With the ICW’s twists and turns, ditches and canals, bridges and locks, and general narrow-ness, there’s not much opportunity to move the boat under sail…but we’ve been motorsailing every chance we get. It took a few weeks to sort out the best way to do this, because our main foresail is a 140% genoa. A real deck-sweeper. For those of you not up on sailing nerd terminology, it’s a big honking sail on the front of the boat. When we put that bad boy up, we move pretty good, but can’t see anything on one side of the boat. So we compromise, we put up the working jib, which is meant for winds in the 20+ knot range, but we can see! Even in light-ish winds, the jib gives us a nice boost, which has been crucial in some areas with fast flowing tidal currents.

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While underway, I collect photos of sunken shrimp boats…

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…and strange things like this buoy graveyard

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…or this golf course gondola over the waterway

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…we ponder things like “should I have eaten those oysters off the marina pilings last night?”

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J/K, marina oysters have a slight “essence of human waste” which I find disagreeable

…Ryan takes pictures of me steering “Firefly”

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…I take pictures of Ryan steering Firefly

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…Ryan and I take pictures of friends boats blowing by us

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Bill and Judy on “Whisper” Hey Guys!

…and just generally take in the scenery.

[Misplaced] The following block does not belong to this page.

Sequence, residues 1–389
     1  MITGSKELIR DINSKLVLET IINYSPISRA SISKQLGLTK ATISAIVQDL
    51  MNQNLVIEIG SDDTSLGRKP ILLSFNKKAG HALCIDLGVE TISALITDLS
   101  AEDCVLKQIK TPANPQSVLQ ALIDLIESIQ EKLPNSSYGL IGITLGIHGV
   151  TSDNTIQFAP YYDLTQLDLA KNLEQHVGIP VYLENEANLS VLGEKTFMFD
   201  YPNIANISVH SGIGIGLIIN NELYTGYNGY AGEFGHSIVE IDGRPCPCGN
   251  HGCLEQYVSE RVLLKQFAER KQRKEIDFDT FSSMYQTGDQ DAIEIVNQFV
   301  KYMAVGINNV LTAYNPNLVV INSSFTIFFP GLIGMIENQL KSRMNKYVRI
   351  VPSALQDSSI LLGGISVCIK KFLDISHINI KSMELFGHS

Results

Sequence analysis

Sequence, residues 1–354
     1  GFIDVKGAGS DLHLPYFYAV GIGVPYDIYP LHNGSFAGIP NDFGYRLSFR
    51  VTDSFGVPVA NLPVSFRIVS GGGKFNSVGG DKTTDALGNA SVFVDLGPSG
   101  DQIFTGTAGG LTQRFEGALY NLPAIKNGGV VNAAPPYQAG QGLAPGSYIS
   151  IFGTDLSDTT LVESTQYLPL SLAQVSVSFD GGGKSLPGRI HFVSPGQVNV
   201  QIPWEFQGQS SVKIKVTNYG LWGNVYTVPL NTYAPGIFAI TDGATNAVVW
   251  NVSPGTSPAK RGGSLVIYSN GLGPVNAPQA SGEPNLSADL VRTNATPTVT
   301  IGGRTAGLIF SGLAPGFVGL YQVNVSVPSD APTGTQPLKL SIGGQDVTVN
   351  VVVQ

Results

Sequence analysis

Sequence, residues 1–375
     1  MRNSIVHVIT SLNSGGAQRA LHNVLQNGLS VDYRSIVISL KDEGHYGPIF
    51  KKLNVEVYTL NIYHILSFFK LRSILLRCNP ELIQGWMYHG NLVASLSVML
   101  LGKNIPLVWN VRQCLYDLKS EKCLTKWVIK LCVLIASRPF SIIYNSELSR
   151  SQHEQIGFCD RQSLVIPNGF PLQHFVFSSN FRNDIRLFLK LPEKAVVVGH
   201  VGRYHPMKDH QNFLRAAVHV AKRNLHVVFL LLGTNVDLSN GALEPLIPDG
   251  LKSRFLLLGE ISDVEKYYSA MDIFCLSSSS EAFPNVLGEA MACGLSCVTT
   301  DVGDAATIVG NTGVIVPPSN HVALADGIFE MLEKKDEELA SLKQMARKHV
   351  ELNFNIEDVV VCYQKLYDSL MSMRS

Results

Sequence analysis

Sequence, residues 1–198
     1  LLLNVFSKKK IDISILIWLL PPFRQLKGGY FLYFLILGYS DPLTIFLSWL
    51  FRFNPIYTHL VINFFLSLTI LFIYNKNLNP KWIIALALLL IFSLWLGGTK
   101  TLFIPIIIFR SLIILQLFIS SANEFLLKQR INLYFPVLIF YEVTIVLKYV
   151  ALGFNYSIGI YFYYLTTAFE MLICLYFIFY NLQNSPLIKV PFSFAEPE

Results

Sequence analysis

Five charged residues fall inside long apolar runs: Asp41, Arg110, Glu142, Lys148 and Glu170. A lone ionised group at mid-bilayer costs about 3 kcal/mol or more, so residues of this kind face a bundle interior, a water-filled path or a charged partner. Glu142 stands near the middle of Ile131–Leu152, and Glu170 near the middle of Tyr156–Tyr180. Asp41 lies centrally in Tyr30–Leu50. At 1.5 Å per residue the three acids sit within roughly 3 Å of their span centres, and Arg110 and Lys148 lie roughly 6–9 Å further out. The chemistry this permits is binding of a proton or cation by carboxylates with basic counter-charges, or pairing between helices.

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We generally try and get the anchor down with a few hours of light left, time enough to clean up and get dinner started. I like going on dinghy explorations…

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…and Ryan likes to crochet.

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Her goal is to crochet a “granny square” a day and make a sailing trip blanket! Pretty cool I say.

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Crack open a beer, watch the sun go down. Do it again tomorrow.

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7 thoughts on “A Day on the Waterway

  1. thanks for this great post with photos! I read a very interesting story of a kayaker doing what you are doing, in the New Yorker this week. Loved thinking about what he saw as he went along, and the folks he talked to. Also in regard to crochet works— I saw in Guideposts a lady made coffee-cup cozies, and they were very well-received by the people buying Starbucks coffee, which needs those cardboard reinforcers, so you don’t burn your fingers. She made really cute knitted ones. Thanks for your gifts at storytelling, and letting us see your adventure! love, martina

  2. Thanks for bringing us into the rhythm of your life on the ICW – a world apart from most of your readers’ daily routines and yet a world so close to the coast where so many of us are only a few hundred miles from.

  3. Thanks for providing us a vicarious trip through the ICW — your descriptions of daily tasks are particularly helpful in picturing your ‘typical’ day. How wise to take advantage of your youth and strength to enjoy an adventure like this. You’ll likely treasure it forever.
    Kate and Mark

  4. Pingback: Meals on Keels | The Bonnie Boat